Methodology

Methodology 2013-05-02T13:56:57+00:00

Niko uses both internally collected and secondary sources of information to build its economic, games market, and other models.  This includes, but is not limited to, Niko proprietary gamer surveys, industry interviews and surveys, I-cafe tracking data, company financial reports, government and official statistics, as well as other publicly available information. We collect more than 400,000 points of data from Chinese gamers in Tiers 1/2/3/4 annually, plus data from more than 335,000 Internet cafe gaming sessions in Tiers 1/2/3/4 monthly.

In building our market sizing model, we comb through the financial statements of the publicly traded online game operators to see their disclosed revenues, and make calculations about the portion coming from the various segments of online games.  These data points are confirmed whenever possible through other sources but generally we assume the financial data reported in statements to be correct and true.  We also have modeled the revenues of these public companies relative to the full market, and have developed a proprietary tool to extrapolate to the larger market.  For the market forecasts, Niko uses inputs from macroeconomic data and regulatory policies, as well as proprietary information that we collect from our surveys, interviews, and analysis.  We also track trends from our 10+ years of historical data and project outward, combining that data with the information gleaned from the interviews.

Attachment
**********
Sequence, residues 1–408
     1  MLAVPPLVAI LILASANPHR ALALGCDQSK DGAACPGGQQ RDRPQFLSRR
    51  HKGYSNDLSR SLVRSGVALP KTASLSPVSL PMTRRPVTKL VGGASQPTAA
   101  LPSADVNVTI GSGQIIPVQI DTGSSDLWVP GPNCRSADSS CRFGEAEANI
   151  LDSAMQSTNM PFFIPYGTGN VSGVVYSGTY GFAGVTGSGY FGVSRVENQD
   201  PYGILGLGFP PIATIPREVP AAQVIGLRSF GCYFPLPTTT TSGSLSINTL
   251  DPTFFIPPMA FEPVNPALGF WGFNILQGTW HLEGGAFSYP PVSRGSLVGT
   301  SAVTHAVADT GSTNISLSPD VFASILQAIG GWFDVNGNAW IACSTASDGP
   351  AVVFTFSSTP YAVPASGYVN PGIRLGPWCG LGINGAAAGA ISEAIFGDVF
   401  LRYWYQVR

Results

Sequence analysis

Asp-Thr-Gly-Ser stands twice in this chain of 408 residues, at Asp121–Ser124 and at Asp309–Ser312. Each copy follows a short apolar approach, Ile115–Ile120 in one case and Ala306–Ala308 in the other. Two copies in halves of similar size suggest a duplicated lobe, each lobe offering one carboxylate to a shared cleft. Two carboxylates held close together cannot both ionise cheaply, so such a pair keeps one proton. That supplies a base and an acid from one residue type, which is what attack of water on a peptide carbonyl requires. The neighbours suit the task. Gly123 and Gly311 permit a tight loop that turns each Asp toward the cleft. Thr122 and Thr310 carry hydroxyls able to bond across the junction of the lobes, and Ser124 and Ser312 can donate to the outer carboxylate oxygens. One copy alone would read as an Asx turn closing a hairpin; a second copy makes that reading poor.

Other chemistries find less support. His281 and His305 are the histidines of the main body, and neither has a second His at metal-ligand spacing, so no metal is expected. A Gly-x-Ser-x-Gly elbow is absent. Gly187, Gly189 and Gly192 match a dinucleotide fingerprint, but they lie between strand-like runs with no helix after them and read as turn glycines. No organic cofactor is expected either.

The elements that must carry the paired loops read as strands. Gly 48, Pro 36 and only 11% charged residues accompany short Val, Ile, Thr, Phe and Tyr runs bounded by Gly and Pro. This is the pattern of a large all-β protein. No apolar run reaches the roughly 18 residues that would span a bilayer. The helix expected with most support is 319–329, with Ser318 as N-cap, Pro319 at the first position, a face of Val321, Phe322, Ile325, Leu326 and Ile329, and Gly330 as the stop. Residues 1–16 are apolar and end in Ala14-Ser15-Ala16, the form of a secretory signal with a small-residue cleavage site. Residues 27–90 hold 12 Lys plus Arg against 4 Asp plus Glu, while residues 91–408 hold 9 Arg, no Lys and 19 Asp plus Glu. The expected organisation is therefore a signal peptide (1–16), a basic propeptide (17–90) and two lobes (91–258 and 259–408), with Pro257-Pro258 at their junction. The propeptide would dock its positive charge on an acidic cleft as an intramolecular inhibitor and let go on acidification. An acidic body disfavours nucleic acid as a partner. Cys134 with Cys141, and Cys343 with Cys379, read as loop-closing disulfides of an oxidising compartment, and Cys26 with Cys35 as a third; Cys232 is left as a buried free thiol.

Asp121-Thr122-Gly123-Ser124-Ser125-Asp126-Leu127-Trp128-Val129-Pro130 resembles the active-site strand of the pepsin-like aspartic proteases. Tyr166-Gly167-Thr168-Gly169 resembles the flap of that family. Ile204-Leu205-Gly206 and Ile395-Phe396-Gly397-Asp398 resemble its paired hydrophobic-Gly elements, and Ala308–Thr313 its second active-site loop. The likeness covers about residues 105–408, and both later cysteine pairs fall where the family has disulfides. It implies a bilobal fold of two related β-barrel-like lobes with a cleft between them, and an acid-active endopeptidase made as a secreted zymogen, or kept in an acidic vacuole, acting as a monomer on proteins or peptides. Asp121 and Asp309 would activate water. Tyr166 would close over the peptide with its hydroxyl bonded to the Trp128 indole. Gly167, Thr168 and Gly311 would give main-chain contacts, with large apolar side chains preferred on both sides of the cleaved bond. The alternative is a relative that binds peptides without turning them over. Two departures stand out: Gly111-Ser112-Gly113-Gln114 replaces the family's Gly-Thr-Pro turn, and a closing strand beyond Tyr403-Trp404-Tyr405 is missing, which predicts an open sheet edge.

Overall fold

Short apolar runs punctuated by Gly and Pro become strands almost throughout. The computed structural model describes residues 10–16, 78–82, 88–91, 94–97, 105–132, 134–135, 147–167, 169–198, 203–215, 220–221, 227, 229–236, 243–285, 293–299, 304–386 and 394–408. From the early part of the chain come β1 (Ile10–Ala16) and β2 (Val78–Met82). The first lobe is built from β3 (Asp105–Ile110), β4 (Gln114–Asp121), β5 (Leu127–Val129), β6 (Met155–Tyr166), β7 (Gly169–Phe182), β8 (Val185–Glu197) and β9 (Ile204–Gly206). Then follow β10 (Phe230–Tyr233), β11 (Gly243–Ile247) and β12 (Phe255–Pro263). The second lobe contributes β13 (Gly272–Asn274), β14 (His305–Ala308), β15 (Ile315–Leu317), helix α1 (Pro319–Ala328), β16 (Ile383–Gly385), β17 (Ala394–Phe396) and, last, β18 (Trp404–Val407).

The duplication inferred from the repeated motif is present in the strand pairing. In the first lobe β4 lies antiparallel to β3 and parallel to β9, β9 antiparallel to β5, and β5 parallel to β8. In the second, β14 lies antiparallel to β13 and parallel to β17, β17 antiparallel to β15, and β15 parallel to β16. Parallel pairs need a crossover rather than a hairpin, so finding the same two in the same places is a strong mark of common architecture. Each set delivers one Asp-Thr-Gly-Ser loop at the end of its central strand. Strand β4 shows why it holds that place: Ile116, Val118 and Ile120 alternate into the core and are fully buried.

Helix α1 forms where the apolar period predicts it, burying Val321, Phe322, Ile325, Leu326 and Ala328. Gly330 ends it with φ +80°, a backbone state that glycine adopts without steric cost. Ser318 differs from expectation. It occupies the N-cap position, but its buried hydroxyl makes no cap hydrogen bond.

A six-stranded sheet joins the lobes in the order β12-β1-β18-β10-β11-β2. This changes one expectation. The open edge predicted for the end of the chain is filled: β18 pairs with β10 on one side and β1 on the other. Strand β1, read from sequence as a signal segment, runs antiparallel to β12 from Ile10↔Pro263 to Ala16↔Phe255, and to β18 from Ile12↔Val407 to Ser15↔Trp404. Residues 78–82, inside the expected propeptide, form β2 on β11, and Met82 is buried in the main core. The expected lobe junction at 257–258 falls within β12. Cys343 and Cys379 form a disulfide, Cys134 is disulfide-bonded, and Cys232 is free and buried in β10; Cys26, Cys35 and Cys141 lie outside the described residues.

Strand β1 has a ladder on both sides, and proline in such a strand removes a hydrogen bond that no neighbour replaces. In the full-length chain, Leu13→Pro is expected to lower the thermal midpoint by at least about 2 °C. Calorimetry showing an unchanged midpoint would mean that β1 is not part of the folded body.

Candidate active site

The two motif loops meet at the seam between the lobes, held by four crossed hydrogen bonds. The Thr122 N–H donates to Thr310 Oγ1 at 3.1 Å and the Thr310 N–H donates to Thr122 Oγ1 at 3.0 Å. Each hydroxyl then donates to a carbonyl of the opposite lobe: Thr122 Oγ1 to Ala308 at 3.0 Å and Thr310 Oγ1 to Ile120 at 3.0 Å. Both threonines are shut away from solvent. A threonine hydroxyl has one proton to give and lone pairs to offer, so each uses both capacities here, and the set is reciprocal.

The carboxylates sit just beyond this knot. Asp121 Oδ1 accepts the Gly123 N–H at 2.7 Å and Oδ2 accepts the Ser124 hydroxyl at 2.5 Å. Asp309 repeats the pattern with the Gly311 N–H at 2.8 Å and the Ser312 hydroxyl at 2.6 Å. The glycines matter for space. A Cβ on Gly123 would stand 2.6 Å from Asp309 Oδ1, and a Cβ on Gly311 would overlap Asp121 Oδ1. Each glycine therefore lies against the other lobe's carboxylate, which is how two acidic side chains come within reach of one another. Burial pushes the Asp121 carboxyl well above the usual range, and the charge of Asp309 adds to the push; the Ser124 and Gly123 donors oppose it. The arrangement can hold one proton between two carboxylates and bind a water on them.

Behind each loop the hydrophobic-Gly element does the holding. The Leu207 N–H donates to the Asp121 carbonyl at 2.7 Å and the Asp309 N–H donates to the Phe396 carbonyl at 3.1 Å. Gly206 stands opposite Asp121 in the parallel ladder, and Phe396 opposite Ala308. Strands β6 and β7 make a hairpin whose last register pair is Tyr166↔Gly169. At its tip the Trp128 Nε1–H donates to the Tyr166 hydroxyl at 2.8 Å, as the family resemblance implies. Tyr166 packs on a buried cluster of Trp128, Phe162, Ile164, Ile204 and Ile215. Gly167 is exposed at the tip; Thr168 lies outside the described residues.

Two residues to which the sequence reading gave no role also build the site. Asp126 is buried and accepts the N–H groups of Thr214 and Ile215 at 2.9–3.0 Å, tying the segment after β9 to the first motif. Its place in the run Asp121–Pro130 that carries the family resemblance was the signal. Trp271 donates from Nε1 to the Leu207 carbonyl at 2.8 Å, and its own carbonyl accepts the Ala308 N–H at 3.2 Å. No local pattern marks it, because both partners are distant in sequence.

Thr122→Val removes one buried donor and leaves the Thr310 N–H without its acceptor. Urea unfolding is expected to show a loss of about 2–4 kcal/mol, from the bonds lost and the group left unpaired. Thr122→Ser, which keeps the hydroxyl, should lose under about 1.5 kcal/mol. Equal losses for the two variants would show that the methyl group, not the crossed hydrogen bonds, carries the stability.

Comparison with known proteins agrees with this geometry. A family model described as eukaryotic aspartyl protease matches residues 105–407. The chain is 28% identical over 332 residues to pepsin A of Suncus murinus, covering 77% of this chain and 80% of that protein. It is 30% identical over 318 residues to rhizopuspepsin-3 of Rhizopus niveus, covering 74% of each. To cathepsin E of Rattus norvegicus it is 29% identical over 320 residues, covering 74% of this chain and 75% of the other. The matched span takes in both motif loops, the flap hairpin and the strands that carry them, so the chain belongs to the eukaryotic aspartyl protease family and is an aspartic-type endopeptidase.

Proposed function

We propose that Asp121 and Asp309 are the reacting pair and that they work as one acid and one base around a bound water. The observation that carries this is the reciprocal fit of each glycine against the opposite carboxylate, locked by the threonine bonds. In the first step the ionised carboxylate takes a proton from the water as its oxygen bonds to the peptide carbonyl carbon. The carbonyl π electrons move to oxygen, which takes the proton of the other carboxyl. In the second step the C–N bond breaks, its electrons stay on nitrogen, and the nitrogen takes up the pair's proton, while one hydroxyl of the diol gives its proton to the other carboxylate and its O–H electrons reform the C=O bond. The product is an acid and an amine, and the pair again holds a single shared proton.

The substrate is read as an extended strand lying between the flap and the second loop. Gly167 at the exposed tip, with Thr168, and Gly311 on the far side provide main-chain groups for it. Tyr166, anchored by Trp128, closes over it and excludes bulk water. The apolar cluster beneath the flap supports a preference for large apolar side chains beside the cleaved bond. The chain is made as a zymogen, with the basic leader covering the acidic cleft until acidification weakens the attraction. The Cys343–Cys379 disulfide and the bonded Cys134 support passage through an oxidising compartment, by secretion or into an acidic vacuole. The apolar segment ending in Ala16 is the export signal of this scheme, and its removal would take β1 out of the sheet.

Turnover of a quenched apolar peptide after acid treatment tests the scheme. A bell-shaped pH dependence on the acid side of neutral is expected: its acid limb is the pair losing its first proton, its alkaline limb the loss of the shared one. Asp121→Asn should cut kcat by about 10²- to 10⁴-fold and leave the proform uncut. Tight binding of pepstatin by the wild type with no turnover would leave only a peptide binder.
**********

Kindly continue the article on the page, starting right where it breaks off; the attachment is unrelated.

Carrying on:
For our annual and ongoing surveys, we use a mix of consumer gamer surveys, operator and developer surveys, as well as monthly I-cafe PC tracking data.  Each of these surveys is detailed in separate reports during the year, and one should refer to those reports for information on specific methodologies, timeframes, and other details.

Our Top 10 games lists are derived by coming up with estimates about the user numbers of each major game, calling the online operator of that game, calling online operators of other games, triangulating data, and landing on our estimates of average concurrent users (ACU) and peak concurrent users (PCU) for each game. Then we rank based on ACU data.